Fairplay, skirting the east side of town. US 285 then goes up and over
Red Hill Pass to another part of South Park. US 285 then goes northeast
via Como and Jefferson, then climbs over Kenosha Pass and drops into
the valley of the North Fork of the South Platte River to Grant.
From there it's east through the South Platte Canyon to Bailey. In
Bailey US 285 takes an abrupt left turn north out of the Platte Canyon
and up Crow Hill, through a mini interchange at Deer Creek. US 285
continues swerving, dipping, climbing to the northeast, not really
following any defined topographic corridor, and goes via Conifer and
Aspen Park finally descending into Turkey Creek Canyon. US 285 from
Conifer down to metro Denver is collectively referred to as the
"Mountain Corridor" and is getting more clogged every year as more and
more people move to bedroom communities in south Jefferson County.
From Elk Creek Rd (Shaffers Crossing) southwest of Conifer, US 285 is
undivded or divided four-lane expressway all the way to Parmalee Gulch
southwest of Morrison. The expressway includes multiple
grade seperations and mini-interchanges, including ones at
Elk Creek Rd, Richmond Hill Rd, Kennedy Gulch/Foxton Road, Conifer Town Center, Conifer/CR 73, Aspen Park, North
Turkey Creek Road, South Turkey Creek Road, and Parmalee
Gulch. Most of those interchanges are not standard diamonds,
but instead take the form of what I call "Wyoming diamonds"
which have just two two-way ramps instead of four one-way
Between Parmalee Gulch and Morrison, US 285 twists down a
narrow portion of Turkey Creek Canyon, and has a steep grade
and numerous sub-45mph curves. It basically becomes a
freeway at Parmalee Gulch Road. South of Morrison, US 285
breaks out of the canyon, goes through a massive gap in the
Hogback, and has a cloverleaf interchange with C-470. US 285
then picks up as Hampden Avenue, and continues as freeway
east to Sheridan. While most maps show it as freeway from SH
8 to Federal Blvd. (SH 88), there actually is a signal light
at Knox Court/Lowell Blvd. between SH 95 and SH 88. You're
just happily tooling along, and all of the sudden with
almost no warning there is a signal light! A real half-baked
attempt was made to make Hampden Ave. a freeway.
East of that, US 285 is only as an expressway, but it
still has interchanges at Federal Blvd. (SH 88), Santa Fe
Dr. (US 85), and Broadway. East of Santa Fe, Hampden Avenue
warps down to an urban arterial street with a 35mph speed
limit and comes into central Englewood. A bypass takes US
285 south one block (and it is actually Jefferson Avenue for
a while) around downtown Englewood. At Gilpin Street, US 285
moves back north to Hampden Avenue and now forms the border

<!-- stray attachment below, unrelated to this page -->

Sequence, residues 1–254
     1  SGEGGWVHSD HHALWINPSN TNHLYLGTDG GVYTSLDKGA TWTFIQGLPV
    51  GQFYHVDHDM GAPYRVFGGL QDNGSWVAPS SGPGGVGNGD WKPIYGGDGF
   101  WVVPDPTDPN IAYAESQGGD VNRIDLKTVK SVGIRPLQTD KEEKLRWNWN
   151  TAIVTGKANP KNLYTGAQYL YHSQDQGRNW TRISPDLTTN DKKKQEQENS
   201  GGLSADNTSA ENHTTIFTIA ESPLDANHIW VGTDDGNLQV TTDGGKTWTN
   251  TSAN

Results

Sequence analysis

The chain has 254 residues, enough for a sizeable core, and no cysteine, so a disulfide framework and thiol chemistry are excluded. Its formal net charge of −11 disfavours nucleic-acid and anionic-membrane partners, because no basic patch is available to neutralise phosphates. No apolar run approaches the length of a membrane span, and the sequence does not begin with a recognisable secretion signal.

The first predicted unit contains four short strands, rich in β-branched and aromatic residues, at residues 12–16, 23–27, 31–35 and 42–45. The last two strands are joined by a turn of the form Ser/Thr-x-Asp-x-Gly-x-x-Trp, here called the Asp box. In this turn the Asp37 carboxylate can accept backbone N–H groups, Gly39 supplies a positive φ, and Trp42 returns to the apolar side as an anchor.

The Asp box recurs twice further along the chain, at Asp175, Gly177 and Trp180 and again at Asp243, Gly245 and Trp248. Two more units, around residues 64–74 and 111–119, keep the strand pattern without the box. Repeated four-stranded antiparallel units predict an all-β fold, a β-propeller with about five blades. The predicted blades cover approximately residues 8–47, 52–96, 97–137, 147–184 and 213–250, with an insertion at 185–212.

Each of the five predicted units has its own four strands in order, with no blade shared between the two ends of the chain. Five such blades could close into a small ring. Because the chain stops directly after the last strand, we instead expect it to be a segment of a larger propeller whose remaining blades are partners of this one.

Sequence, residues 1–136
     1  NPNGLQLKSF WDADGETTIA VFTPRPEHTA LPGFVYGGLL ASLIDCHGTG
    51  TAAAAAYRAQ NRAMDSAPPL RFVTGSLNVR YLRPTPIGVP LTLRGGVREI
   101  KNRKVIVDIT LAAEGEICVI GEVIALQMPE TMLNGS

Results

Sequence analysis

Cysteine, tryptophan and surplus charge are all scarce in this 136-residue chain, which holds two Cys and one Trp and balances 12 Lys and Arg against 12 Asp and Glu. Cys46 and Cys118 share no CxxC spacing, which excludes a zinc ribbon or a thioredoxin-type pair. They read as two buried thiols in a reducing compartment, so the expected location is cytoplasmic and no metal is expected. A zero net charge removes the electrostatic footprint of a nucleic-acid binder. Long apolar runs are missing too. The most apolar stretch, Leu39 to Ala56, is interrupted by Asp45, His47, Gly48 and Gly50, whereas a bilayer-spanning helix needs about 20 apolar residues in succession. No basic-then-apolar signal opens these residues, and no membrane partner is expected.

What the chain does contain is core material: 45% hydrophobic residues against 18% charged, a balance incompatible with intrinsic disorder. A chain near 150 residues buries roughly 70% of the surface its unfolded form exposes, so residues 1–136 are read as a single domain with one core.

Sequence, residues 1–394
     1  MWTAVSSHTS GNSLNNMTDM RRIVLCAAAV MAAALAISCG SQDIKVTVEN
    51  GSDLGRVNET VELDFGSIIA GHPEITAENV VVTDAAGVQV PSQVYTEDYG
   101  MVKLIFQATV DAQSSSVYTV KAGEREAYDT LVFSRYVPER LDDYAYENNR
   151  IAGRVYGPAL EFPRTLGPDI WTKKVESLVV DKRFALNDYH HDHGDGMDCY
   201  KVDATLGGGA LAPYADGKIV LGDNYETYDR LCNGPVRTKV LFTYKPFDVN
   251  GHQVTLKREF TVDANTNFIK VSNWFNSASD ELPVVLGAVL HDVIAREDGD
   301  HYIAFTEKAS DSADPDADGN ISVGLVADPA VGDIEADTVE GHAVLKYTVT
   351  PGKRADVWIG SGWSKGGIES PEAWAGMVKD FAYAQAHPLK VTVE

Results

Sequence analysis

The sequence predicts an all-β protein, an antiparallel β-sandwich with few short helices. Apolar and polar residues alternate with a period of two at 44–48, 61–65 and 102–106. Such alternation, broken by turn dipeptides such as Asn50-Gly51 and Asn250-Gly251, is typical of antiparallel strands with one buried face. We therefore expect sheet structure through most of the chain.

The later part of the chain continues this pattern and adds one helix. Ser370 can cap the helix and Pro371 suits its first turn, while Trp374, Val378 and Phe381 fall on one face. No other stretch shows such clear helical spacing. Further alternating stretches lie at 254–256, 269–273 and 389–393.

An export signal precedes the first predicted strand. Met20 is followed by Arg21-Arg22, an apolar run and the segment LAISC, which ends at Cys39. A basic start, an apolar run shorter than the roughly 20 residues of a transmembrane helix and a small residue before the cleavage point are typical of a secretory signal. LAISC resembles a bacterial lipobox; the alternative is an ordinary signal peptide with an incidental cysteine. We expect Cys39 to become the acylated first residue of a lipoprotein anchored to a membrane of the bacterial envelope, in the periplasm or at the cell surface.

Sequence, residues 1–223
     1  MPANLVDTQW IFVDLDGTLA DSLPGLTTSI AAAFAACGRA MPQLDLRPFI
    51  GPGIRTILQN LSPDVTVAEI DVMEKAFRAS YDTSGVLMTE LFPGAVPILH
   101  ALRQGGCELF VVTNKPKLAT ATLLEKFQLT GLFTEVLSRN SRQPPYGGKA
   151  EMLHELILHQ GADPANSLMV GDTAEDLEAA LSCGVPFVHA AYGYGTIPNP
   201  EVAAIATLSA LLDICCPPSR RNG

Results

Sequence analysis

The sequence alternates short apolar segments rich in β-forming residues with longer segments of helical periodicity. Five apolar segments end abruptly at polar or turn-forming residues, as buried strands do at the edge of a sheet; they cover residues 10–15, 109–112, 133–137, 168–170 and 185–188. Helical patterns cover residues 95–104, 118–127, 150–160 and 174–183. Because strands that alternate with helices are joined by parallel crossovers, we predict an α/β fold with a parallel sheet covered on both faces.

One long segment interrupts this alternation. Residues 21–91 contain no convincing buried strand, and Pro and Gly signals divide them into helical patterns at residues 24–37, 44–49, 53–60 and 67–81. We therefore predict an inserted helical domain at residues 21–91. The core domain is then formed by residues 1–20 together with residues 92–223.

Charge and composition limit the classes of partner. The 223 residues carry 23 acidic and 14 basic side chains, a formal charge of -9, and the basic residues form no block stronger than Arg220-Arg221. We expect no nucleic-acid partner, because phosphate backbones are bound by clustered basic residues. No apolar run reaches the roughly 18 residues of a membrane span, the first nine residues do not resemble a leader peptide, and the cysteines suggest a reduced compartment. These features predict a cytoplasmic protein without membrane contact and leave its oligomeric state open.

between Denver and Cherry Hills Village. It also becomes a
somewhat functional expressway, with a 40 to 45 mph speed
limit and few signals. It rolls up and down the terrain and
eventually reaches a diamond interchange at I-25.
- New Mexico Border: Welcome Sign • Fenceline East.
Here at the New Mexico border is one of CDOT's large welcome signs.
From the road the fenceline at the border stretches off across the
valley. (August 2010)
- Another View North.
Northbound on US 285, with the
expansive San Luis Valley filling the camera. Photo by David Herrera.
- South Toward the Volcano.
The view on US 285 as it heads south from SH 17 toward New Mexico.
Filling the windshield is 10,908' San Antonio Mountain, one of northern
New Mexico's numerous extinct cinder cone volcanoes. (August 2010)
- Approaching Turn at SH 17. Southound US 285 on the south side of Antonito, where US 285 has to turn toward the New Mexico border. (August 2010)
- Antonito. Southound on US 285 as it passes through Antonito. (August 2010)
- South of Alamosa.
A view of the Crestone group of peaks, including the Crestone Needle
and Mount Cleveland, from northbound US 285 about 7 miles south of
Alamosa. Photo by David Herrera. (May 2005)
- US 160-285, Eastbound Turn. Signs on eastbound US 160-285 where 285 turns south out of Alamosa. (August 2010)
- West Alamosa One-Way Split.
Here, with ominus clouds in the sky, eastbound US 160-285 enters the
one-way split on the west side of Alamosa. EB goes onto 6th St ahead
while WB is coming off Main St to the left. (August 2010)
- Monte Vista Sign Assembly. Shot of the sign assembly on southbound US 285 at the US 160/SH 15 intersection in Monte Vista. (July 2005)
- Rock Cut South of Saguache.
On northbound US 285 south of Saguache at Milepost 83. Here US 285 goes
through a series of rock cuts. In the distance are the hills that mark
the northwest edge of the San Luis Valley. (July 2005)
- US 285/SH 17 Destination Sign.
Here's the large destination sign CDOT provides marking the turnoff to
SH 17 from southbound US 285, south of Villa Grove. (July 2005)
- Villa Grove. The cluster of buildings that makes up Villa Grove as northbound US 285 passes through. (July 2013)
Shavano. The view looking north along US 285
between Mineral Hot Springs and Poncha Springs. The is
the northern part of the San Luis Valley and off in the
distance is Mount Shavano in the Sawatch Range. Photo by
David Herrera. (March 2002)
- San Luis Valley and Blanca Group.
A shot along southbound US 285 at Milepost 112, about 7 miles south of
Poncha Pass. This shot shows the view looking south across the north
part of the San Luis Valley. Off in the distanace is the Blanca Peak
Group. Photo by David Herrera. (May 2005)
- Poncha Pass Northbound Climb. Northbound on US 285 climbing up the south side of Poncha Pass, the furthest north extent of the San Luis Valley. (July 2013)
- Poncha Pass Summit: View Southbound • View Northbound • Marker Sign.
Photos from the summit of Poncha Pass, looking each direction on US 285
and at the CDOT marker sign. To the south is visible the west side of
Sangre de Cristos while to the north the far-off Sawatch Range is
visible. (July 2013)
- Poncha Pass, North Side.
Here's a picture on northbound US 285 on the north side of
Poncha Pass. At this point the road is oriented west toward Mount
Ouray. Photo by David Herrera. (May 2005)
- Poncha Springs Overhead Signs.
A shot of overhead signs on EB/SB US 50-285 approaching the southern
intersection in Poncha Springs where US 50 turns left toward Salida.
- Southbound US 50 Approach.
View of the marker assembly and traffic waiting to turn left as US 285
southbound comes to US 50 in Poncha Springs. (August 2009)
- Nathrop Overhead Pipe Crossings.